So-called environmentalists protesting against a Shell oil rig parked in Seattle have wreaked thousands of dollars worth of damage on a protected marine park. Shell has stepped in to foot the bill for the cleanup operation.
In May of this year, hundreds of protesters took to the water in kayaks and boats to protest against the Polar Pioneer, one of two 300-foot tall oil rigs stationed in Seattle’s port before commencing oil exploration operations in the Arctic sea this summer.
The event, dubbed the ‘Paddle in Seattle’ and promoted by organisers as “a beautiful day full of inspiration and fun” centred around a 4,000 square foot barge, or ‘People’s Platform’, which, according to the Guardian, played host to speakers, a band, and a giant screen showing footage of people voicing their opposition to Shell’s plans.
Earlier this month, against a background of Greenpeace kayakers protesting the rig’s deployment, a team of divers set to work on the cleanup operation.
According to Koos du Preez, a volunteer with non-profit marine conservation group Global Underwater Explorers (GUE), the clean-up operation, which involved the removal of massive cement blocks weighing between 2,000 and 4,000 pounds each, cost in the region of €10,000.
“The Solar Pioneer barge dropped a couple of big mooring blocks right in the middle of a dive park,” du Preez told MyNorthwest.com. “They had mooring cables attached to the barge; there were big tidal swings and with those tidal swings they wrapped around structures frequently visited by divers and also house marine life.”
It appears that, despite demands from the Department of Natural Resources insisting on the mess being cleared up, the events organisers sHellNo refused to take responsibility. Du Preez rather generously suggested “The operation was very costly and the activist group, I suspect, did not have that much resources to clean up the dive park.”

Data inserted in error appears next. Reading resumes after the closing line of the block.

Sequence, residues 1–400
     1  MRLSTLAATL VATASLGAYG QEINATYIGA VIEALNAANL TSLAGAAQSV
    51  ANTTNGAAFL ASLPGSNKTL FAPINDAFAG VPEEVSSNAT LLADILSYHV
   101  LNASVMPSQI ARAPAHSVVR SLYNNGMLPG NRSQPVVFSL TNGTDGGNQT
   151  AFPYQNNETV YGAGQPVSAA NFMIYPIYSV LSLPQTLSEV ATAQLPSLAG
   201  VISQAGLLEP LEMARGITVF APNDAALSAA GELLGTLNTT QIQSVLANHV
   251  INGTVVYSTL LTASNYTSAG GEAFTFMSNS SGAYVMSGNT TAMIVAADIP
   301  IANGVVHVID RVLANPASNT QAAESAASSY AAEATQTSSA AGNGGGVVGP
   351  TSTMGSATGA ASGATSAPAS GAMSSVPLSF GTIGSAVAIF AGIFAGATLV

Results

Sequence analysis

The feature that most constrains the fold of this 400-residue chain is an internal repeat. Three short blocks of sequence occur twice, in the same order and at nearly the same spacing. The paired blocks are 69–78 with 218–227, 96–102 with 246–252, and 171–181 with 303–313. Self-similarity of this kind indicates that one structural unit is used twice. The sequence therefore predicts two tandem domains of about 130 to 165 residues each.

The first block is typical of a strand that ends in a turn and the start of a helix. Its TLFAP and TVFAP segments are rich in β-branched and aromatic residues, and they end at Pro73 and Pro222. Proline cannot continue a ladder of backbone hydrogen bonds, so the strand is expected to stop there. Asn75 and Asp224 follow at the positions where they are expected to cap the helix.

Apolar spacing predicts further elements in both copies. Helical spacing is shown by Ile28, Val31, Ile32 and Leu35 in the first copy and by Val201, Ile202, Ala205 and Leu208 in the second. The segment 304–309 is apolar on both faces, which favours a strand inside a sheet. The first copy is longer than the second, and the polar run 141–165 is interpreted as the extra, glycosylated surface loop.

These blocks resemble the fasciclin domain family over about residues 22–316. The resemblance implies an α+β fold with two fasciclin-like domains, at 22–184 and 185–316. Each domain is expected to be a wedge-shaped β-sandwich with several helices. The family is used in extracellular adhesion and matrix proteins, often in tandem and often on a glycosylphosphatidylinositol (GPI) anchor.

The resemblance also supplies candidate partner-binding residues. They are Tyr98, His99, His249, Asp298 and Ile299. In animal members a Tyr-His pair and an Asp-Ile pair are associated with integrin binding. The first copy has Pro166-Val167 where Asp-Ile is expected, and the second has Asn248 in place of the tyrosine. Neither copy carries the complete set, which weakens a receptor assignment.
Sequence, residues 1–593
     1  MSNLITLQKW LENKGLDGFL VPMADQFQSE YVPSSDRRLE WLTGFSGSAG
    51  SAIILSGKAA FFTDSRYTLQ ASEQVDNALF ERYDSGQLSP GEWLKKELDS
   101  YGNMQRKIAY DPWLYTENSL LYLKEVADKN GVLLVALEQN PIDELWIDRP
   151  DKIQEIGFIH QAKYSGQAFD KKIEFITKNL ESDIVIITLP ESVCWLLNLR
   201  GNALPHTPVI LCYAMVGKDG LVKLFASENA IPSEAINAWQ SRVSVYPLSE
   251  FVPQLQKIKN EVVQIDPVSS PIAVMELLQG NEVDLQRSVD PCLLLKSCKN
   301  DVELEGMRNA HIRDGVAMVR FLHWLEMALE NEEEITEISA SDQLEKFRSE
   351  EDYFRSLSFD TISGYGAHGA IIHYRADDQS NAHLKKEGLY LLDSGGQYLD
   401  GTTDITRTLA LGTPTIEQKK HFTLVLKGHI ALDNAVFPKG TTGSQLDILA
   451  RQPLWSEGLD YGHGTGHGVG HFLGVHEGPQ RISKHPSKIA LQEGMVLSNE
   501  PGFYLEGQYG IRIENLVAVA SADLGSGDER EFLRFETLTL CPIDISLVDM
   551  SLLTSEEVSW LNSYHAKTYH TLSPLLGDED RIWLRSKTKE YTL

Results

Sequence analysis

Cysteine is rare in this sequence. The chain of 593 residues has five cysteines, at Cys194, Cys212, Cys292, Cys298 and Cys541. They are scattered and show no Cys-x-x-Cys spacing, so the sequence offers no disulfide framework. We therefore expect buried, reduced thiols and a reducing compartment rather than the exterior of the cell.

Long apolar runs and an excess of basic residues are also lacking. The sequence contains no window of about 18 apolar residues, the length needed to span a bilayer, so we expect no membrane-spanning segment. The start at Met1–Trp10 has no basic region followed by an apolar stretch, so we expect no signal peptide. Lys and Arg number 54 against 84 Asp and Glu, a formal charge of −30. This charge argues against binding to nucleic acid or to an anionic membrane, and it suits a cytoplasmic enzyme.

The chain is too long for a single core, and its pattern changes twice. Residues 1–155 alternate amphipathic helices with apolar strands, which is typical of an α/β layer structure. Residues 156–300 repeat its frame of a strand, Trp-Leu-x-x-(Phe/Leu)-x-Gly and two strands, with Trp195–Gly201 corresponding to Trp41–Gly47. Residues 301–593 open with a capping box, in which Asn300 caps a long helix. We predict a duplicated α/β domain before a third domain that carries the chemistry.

He says his organisation “worked with them and said we would take care of the operation to make sure it was done professionally.”
But the GUE, as a volunteer organisation, also faced a challenge when it came to financing the operation, until one of their team suggested asking Shell to help out.
“One of our members took a long shot and dropped an email directly to the CEO, Ben van Beurden, at Shell,” du Preez said. “We didn’t think much of it at the time, but low and behold, we get a call from Shell in Alaska. Our email somehow bounced around in the upper echelon of Shell. The next thing you know, someone calls us from Alaska and said,’We’d love to help out.'”
Not only did Shell offer to foot the bill, they also put the GUE in contact with Foss Maritime, the company which hosted the rig in Seattle – and they too offered to contribute to the costs. The barge’s owner, John Sellars, also stepped in to help.
Despite their generosity, Shell have still come under fire for merely being in the area in the first place. “Obviously, if Shell wasn’t in the area, the activists wouldn’t be in the area, and none of this would have happened,” du Preez said. Despite his insistence that he doesn’t blame Shell, he added: “I, and our group, consider this whole incident as collateral damage, as the net result of all this activity.”
This is not the first time that environmental campaigners have wrought destruction on protected habitats. The Seattle protest was supported by Greenpeace, who also have form in this area.
Last December the multi-million pound organisation pulled off a PR disaster when it unfurled a banner proclaiming “the future is renewable” right on top of the sacred Nacza Lines, made by the native inhabitants of Peru nearly 2000 years ago. The lines are now protected as a UNESCO world heritage site.
Footprints left by the activists are expected to remain intact for hundreds, if not thousands of years. With no sense of irony, one of the activists, Mauro Fernandez recorded a video at the site in which he said: “With our message from the Nazca lines, we expect politicians to understand the legacy we need to leave for future generations.”